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Free Coal For Needy Families in Grand Forks, 1921


Winter in North Dakota is not for the faint of heart, for blasts of Arctic cold can freeze your nose or your toes. Sub-zero temperatures in January and February have always posed a challenge to homeowners, with the poorest residents of North Dakota facing the greatest challenge in paying to heat their homes. Today’s Datebook story tells how the people of Grand Forks provided assistance to its neediest citizens back in the 1920s, and how a coal-mining company helped out.

It was on this date in 1921 that the Grand Forks Herald reported that city officials had helped 52 families in the month of January with “supplies of various kinds.” The county had a poor-fund that gave assistance by various means, providing groceries, clothing, heating fuel, rent money, hospital care, or medicines, and the city had an Overseer of the Poor, Mrs. Edith M. Pierce, to determine who was eligible for the assistance.

Among the families who needed help were 19 widows with children, 22 cases of sickness, 11 cases for of lack of employment, and three homeless children. Additionally, Mrs. Pierce was able to help 35 families with heating assistance in the form of coal from the western part of the state.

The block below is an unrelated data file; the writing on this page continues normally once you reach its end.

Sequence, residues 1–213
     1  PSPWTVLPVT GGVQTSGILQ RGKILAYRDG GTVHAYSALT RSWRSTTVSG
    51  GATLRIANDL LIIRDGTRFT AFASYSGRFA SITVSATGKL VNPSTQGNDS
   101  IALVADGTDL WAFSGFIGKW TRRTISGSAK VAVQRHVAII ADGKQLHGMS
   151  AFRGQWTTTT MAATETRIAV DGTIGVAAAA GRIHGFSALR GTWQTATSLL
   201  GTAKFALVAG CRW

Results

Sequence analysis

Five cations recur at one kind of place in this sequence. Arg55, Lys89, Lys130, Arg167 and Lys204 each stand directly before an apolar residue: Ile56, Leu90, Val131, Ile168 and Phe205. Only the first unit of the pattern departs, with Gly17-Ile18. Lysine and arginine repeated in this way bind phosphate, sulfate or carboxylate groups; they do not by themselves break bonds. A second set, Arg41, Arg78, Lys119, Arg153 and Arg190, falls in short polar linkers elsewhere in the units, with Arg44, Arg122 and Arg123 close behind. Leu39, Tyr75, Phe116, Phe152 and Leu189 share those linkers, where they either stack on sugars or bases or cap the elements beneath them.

Each of the 35 families got a ton of coal delivered to their home, free of charge, courtesy of the Whittier-Crockett Coal Company from their big coalmine located near the town of Columbus, right next to the Canadian border.

The Whittier-Crockett Coal Company owned the largest strip mine in Northwestern North Dakota, and the company’s president, H.A. Whittier, established a tradition of sending coal to several cities in the state. Whittier called the gift a “thanksgiving offering” to Dakotans because his company had “enjoyed very liberal patronage” throughout North Dakota and he wished to give something back to its poorest citizens.

Grand Forks got a traincar-load, as did Fargo, Devils Lake, and Minot. Each railway-car contained 35 tons of “screened lump lignite” coal. The Great Northern Railway shipped the cargo for free.

Red Cross volunteers delivered the coal to the families, using wagons owned by the city. Those tons of free coal warmed hearts and homes that cold mid-winter of 1921.

Dakota Datebook written by Dr. Steve Hoffbeck, MSU Moorhead History Department.

Sources: “Report Social Service Work,” Grand Forks Herald, February 3, 1921, p. 5.

“Coal Donation Of Whittier-Crockett Company Arrives,” Grand Forks Herald, January 11, 1921, p. 5.

“Whittier-Crockett Coal Co. Gives Coal to Minot’s Poor,” Minot Daily News, December 29, 1920, p. 1.

“Columbus Company Sends Car Of Coal To Needy Families,” Grand Forks Herald, December 24, 1920, p. 8.

“Car Of Fuel Has Arrived,” Grand Forks Herald, January 13, 1922, p. 5.